Louisiana Military Museum may Relocate

The Louisiana Military Museum, located at 201 Memorial Drive in Ruston, is looking for a new and larger location, it was said at last night’s meeting of city’s Board of Aldermen.

The subject came up during discussion about the annual renewal of the cooperative endeavor agreement between the museum and the city.

Mike Froelich, a resident and frequent visitor to council meetings, said he had heard rumors of a relocation.

Mayor Ronny Walker said there was an effort to find funding to renovated an existing building, or build a new building.

“I was in DC last week looking for some funding for that. There’s lots of artifacts that are not being shown now, because there’s no place to show them.”

The museum’s director, Ernie Stevens, is a decorated Viet Nam vet.

The President of the United States of America takes pleasure in presenting the Silver Star to Private First Class Ernest Alexander Stevens (MCSN: 2115400), United States Marine Corps, for conspicuous gallantry and intrepidity in action while serving as a Machine Gunner with Company K, Third Battalion, Fourth Marines, THIRD Marine Division (Rein.), FMF, in connection with combat operations against the enemy in the Republic of Vietnam on 18 July 1966. During Operation HASTINGS in Quang Tri Province, Private First Class Stevens’ Company was providing rear security for a Battalion march column when it came under heavy mortar, small arms and automatic weapons fire from all sides from a North Vietnamese force of regimental size. Initial enemy fire superiority forced the unit to take cover. From his position in a stream bed, Private First Class Stevens realized that he could not deliver effective fire upon the enemy. The only advantageous firing position lacked cover and was completely exposed to the deadly enemy rounds. Completely disregarding his own safety, he moved his gun to the exposed position and began delivering effective fire on the enemy, preventing them from overrunning the left flank of the rear element. While in this position, he was wounded in the right eye by fragments from an enemy hand grenade and was forced to move fifty meters to the rear for medical aid. As soon as he had been treated, he returned to the forward position and continued the fight. Before he had reached his machine gun, he noticed that tone of the enemy dead forward of friendly lines had a serviceable automatic weapon. He courageously moved through intense enemy fire, captured the automatic weapon and used it to provide covering fire for the evacuation of ten wounded Marines. His heroic action was a deciding factor in stopping the enemy onslaught and in saving the lives of his disabled fellow Marines. By his daring initiative, determination and resolute devotion to duty, Private First Class Stevens upheld the highest traditions of the Marine Corps and of the United States Naval Service.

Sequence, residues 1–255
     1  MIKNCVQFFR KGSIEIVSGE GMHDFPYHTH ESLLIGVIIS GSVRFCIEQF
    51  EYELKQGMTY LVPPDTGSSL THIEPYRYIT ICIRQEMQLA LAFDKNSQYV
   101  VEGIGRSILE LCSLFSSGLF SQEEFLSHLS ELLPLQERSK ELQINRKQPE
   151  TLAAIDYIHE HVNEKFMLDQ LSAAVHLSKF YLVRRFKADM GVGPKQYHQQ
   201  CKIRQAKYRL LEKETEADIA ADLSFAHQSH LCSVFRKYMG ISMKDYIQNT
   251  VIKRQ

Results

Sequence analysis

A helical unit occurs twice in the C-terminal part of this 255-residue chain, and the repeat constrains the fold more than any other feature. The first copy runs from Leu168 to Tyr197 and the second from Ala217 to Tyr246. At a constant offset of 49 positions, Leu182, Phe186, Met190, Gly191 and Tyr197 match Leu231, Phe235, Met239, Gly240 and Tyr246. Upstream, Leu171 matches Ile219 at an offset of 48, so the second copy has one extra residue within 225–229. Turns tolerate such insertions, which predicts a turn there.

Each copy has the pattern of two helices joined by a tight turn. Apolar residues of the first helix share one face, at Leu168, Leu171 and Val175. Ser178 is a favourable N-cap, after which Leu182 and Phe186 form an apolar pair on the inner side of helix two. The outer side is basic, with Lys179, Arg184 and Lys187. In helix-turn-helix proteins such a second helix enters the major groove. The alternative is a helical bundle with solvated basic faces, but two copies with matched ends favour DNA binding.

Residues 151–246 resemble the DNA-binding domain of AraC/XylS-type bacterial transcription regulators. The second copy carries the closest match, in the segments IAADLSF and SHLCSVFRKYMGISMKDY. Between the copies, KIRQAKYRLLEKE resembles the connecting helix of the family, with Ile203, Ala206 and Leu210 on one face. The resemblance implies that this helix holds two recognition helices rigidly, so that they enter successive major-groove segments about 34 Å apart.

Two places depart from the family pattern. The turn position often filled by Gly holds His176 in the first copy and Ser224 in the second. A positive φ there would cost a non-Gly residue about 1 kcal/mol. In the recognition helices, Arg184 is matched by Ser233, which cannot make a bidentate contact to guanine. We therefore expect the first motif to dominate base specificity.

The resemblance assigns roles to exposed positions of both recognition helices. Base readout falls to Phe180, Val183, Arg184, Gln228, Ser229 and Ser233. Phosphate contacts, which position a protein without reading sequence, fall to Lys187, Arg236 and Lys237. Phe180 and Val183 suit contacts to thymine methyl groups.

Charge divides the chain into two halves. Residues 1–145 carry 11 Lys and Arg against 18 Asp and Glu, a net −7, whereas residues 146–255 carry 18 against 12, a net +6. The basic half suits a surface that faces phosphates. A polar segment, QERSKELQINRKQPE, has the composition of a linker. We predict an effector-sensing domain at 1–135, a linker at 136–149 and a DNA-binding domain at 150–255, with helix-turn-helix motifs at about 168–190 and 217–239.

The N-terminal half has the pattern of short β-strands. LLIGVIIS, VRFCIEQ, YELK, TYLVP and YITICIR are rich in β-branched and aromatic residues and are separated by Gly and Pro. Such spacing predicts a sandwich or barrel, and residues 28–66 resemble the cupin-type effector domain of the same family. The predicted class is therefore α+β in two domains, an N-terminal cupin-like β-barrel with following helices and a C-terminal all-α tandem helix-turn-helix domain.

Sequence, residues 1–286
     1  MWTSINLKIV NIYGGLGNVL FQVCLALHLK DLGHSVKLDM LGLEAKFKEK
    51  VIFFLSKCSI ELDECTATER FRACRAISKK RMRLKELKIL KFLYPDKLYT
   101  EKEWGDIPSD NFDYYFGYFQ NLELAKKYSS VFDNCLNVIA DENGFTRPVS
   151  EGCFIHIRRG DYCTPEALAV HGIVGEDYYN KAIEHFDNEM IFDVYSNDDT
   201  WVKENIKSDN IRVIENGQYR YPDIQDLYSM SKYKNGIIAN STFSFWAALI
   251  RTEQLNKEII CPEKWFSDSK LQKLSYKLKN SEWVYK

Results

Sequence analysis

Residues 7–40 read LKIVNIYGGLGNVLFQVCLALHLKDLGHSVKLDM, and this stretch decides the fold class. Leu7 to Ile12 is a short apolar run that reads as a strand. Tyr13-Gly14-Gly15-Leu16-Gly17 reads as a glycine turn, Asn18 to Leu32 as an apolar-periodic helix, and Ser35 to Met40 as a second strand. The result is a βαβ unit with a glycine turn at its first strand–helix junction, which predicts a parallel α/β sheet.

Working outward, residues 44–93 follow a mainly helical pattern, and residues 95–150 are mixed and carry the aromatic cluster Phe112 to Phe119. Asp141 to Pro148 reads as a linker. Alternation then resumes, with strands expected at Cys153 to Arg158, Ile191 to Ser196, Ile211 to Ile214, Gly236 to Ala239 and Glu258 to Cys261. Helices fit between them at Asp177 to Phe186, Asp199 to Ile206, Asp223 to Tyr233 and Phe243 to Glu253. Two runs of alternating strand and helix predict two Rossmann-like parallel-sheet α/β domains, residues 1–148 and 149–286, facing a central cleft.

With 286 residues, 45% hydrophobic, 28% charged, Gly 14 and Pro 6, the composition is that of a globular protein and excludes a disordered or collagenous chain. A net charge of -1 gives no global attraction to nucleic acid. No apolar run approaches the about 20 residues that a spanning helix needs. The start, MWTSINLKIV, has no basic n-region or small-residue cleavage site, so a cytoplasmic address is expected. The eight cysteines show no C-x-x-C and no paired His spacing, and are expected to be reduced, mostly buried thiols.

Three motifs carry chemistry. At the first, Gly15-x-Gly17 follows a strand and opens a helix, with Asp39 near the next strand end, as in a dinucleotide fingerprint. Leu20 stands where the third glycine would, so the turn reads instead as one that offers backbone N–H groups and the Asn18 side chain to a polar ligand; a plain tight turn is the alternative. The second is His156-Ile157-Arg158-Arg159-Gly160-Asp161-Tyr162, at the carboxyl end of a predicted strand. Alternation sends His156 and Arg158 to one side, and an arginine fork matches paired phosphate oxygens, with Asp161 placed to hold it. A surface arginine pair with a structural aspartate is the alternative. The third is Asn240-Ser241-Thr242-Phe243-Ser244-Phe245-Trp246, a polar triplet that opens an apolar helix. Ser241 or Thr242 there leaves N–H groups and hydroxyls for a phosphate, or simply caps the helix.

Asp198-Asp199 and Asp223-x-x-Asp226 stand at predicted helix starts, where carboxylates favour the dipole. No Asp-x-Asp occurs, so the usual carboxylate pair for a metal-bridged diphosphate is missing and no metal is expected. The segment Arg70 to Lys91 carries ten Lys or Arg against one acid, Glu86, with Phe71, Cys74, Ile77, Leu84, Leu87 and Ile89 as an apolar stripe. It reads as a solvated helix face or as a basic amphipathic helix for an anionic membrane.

In other business, the council approved the naming of a bridge on Lee Avenue adjacent to Zion Hill Missionary Baptist Church for the late Rev. Dr. C. P. Payne.

Payne was the long-time pastor of the church. Several family members were at last night’s meeting.

Alderwomen Carolyn Cage and Angela Mayfield noted that they were both baptized by Rev. Payne.

One Response to “Louisiana Military Museum may Relocate”

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